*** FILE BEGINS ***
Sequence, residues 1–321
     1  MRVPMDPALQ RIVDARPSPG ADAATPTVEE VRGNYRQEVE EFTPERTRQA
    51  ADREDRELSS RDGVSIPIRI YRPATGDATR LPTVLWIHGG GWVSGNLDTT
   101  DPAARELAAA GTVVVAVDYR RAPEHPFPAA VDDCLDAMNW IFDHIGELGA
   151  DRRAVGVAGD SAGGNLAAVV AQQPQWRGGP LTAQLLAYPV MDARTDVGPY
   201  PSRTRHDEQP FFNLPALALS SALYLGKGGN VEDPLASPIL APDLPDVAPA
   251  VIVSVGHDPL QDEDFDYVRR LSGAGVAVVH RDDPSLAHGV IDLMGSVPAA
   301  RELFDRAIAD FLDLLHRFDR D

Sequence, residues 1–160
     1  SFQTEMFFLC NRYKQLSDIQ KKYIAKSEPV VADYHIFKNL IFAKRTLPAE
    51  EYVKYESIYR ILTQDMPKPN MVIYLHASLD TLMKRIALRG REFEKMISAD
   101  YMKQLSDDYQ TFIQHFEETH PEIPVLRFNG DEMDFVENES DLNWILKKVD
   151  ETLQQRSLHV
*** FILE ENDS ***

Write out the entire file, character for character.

Sequence, residues 1–321
     1  MRVPMDPALQ RIVDARPSPG ADAATPTVEE VRGNYRQEVE EFTPERTRQA
    51  ADREDRELSS RDGVSIPIRI YRPATGDATR LPTVLWIHGG GWVSGNLDTT
   101  DPAARELAAA GTVVVAVDYR RAPEHPFPAA VDDCLDAMNW IFDHIGELGA
   151  DRRAVGVAGD SAGGNLAAVV AQQPQWRGGP LTAQLLAYPV MDARTDVGPY
   201  PSRTRHDEQP FFNLPALALS SALYLGKGGN VEDPLASPIL APDLPDVAPA
   251  VIVSVGHDPL QDEDFDYVRR LSGAGVAVVH RDDPSLAHGV IDLMGSVPAA
   301  RELFDRAIAD FLDLLHRFDR D

Sequence, residues 1–160
     1  SFQTEMFFLC NRYKQLSDIQ KKYIAKSEPV VADYHIFKNL IFAKRTLPAE
    51  EYVKYESIYR ILTQDMPKPN MVIYLHASLD TLMKRIALRG REFEKMISAD
   101  YMKQLSDDYQ TFIQHFEETH PEIPVLRFNG DEMDFVENES DLNWILKKVD
   151  ETLQQRSLHV